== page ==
The 1798 Rebellion in County Wicklow

Image of flogging
1798 Pike
Symbol of the Society of United Irishmen

Why was the 1798 Rebellion so ferocious in County Wicklow?

There is no one answer to this question. County Wicklow experienced some of the most ferocious fighting during 1798 and was to remain disturbed long after the Rebellion had ended in the rest of the country. There was an enormous loss of life, destruction of property and business and large scale transportation of rebels to the penal colonies of New South Wales. Indeed, the counties of Wicklow and Wexford stood apart from the rest of the country in terms of systematic house burning. According to one observer ‘there wasn’t a good house left standing in the county after 1798…..’

The form and character of the Rebellion as it manifested itself in Wicklow has long puzzled historians. Wicklow’s anomaly lies in the fact that previous to the Rebellion, the county was considered to be one of the most prosperous, stable and relatively quiet regions in the country. It had the most successful Protestant settlement outside Ulster and a landed establishment of marked liberalism.

County Wicklow –a successful Protestant settlement

The fact that Wicklow had the largest Protestant settlement outside Ulster is an important factor in how the Rebellion manifested itself in the county. Indeed it is probably the main reason why the Rebellion in Wicklow and Wexford contrasted so strikingly with the rest of the country in terms of its bitterness and ferocity.

The politics of Wicklow in the 1790s – Wicklow’s liberal establishment

County Wicklow had the distinction of possessing a powerful liberal establishment both before and after the Rebellion. The county’s landed families have been described as tolerant and enlightened and there seems to have been a higher degree of affinity between landlord and tenant as landlords were mainly resident in the county.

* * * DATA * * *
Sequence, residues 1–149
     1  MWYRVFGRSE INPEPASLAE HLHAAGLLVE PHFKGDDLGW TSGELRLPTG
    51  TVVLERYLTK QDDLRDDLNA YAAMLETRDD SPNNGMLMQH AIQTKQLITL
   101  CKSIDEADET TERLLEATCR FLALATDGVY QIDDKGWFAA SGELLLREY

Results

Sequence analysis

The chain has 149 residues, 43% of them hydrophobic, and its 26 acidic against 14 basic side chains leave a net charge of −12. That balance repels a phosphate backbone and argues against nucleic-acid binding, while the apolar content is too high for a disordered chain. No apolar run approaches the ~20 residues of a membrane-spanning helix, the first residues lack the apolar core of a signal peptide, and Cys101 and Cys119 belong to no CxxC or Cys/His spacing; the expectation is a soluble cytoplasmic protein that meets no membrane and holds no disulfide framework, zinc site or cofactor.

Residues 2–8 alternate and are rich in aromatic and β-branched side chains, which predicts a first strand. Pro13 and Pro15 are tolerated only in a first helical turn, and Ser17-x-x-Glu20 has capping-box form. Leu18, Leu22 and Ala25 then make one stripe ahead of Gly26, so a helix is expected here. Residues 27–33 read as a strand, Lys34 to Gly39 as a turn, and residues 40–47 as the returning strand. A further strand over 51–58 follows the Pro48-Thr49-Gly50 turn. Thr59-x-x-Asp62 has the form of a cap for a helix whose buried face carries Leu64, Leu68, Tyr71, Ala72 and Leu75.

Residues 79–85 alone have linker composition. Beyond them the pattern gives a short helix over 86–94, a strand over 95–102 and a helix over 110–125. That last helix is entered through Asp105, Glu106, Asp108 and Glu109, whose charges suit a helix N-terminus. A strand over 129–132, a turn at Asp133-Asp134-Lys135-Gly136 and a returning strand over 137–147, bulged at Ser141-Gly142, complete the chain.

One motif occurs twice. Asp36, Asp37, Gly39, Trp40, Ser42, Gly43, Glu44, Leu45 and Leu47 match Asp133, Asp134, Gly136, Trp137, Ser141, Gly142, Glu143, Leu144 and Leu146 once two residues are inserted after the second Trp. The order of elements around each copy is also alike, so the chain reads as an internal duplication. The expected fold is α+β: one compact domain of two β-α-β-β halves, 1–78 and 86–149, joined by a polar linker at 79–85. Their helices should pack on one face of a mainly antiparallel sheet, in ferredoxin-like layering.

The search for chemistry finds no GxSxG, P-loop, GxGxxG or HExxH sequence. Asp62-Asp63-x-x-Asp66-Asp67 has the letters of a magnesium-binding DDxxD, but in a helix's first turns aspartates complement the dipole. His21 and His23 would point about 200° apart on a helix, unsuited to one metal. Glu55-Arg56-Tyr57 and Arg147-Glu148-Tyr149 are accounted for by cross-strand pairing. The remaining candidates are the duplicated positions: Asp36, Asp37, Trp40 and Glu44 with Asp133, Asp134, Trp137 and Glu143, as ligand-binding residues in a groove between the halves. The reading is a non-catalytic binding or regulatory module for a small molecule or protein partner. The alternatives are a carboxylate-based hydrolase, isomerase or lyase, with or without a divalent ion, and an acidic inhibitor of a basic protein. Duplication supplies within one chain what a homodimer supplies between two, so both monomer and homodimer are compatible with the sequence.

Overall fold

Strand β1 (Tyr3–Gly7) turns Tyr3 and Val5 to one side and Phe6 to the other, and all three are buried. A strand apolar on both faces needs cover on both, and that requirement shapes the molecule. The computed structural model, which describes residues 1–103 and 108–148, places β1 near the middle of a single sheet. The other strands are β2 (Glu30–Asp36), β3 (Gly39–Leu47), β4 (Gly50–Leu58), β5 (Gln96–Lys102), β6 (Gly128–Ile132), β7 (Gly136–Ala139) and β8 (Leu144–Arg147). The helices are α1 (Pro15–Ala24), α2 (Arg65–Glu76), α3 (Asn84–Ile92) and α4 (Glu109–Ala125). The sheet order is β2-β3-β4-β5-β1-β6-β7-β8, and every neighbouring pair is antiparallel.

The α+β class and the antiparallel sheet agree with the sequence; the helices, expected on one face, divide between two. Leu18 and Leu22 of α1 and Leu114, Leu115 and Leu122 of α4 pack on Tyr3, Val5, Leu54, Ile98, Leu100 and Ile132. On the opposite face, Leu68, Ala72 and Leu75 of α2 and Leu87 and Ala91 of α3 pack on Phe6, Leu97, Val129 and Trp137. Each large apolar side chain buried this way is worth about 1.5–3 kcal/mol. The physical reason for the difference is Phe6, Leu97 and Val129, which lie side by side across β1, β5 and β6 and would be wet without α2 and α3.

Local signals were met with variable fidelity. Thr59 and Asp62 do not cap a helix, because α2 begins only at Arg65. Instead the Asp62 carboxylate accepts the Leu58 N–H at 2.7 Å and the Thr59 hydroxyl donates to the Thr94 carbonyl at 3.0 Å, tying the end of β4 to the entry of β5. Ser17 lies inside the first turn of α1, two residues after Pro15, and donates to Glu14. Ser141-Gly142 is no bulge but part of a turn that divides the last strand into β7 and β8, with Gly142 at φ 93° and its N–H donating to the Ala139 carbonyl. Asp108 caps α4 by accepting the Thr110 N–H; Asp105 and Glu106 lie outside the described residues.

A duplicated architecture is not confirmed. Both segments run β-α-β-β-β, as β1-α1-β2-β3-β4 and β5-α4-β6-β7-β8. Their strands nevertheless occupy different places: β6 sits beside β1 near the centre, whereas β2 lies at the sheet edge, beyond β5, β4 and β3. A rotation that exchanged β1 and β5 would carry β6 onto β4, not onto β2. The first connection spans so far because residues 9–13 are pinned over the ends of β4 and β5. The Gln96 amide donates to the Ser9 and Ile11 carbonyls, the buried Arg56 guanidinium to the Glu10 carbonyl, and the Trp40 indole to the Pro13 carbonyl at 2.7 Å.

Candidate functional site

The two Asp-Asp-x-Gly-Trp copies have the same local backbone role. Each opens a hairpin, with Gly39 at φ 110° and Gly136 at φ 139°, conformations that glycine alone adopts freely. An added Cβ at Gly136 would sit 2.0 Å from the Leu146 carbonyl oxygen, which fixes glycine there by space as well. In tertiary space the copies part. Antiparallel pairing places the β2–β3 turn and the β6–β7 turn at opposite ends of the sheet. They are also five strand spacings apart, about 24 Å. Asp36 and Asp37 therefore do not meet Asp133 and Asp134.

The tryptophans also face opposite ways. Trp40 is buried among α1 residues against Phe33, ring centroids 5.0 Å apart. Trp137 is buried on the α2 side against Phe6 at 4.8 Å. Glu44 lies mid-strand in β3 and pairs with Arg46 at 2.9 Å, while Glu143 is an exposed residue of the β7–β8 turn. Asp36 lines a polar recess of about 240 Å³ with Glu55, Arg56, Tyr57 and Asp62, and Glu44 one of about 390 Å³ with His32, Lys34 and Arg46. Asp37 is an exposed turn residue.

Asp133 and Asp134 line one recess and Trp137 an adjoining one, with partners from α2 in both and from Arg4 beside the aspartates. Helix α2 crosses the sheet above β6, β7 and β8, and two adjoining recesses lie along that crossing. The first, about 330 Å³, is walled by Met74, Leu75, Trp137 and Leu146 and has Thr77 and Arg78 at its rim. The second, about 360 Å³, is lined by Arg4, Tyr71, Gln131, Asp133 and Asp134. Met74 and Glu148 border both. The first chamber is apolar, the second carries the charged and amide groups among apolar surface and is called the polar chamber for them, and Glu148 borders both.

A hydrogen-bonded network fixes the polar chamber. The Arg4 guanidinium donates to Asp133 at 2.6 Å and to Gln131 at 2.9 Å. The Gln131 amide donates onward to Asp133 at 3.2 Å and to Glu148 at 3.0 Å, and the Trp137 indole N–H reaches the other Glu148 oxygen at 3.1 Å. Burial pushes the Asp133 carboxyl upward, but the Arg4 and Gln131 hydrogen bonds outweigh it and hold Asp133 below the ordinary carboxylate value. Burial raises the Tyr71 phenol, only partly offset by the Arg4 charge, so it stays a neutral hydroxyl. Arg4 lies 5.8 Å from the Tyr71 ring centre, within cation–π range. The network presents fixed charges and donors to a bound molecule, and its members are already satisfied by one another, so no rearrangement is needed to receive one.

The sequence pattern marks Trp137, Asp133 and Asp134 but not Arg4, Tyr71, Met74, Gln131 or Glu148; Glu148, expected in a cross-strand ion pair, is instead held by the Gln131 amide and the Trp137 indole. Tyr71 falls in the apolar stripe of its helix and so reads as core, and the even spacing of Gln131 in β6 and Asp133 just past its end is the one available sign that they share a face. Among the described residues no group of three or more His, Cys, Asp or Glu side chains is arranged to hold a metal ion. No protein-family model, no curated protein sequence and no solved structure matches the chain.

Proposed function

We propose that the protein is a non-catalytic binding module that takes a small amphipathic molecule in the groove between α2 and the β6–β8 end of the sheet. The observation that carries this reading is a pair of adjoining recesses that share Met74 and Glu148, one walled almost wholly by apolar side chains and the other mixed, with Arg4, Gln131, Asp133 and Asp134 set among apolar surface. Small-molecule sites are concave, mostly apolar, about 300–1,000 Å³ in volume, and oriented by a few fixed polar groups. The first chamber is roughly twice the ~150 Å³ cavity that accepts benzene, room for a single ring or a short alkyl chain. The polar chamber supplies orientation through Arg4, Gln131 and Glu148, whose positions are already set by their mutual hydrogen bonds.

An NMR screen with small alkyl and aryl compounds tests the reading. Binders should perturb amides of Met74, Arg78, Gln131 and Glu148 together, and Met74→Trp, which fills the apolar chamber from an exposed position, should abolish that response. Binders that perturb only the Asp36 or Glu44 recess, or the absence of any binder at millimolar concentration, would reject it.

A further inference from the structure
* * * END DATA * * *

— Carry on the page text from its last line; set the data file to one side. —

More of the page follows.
Many of Wicklow’s landed families were opposed to the traditional establishment in Irish politics and were supporters of parliamentary reform. No doubt many were influenced by the flow of ideas from Europe in terms of the enlightenment and later the French Revolution. The liberal politics of the county were all too evident in the general elections of 1770 and 1797. Wicklow returned two liberal or Whig candidates to parliament, William Hume and Nicholas Westby, both of West Wicklow. The authorities at Dublin Castle mistrusted the Wicklow magistrates who they felt were not fully committed at dealing with disaffection in the county.

Economic and social rivalry

Wicklow’s economy was growing steadily in the 1790s. Industries contributing to this growth were mining, textiles, wool and forestry. Apart from possessing one of the strongest Anglican communities, a large proportion of Protestant labour was imported to work the mines and manufacture flax and linen. It follows that there was a relatively high degree of contact between Protestant and Catholic on a day to day basis, unlike other counties where Protestant settlements tended to be in more isolated pockets.

The growing economy and population meant that there was more room for mobility within the county. Lesser gentry and rising middle class families competed ferociously for financial resources and social position. Aggravating existing tensions still further were the Catholic families within this group who were themselves struggling both socially and economically. As Louis Cullen put it, ‘social rivalry was thus further bedevilled by religious distinction’.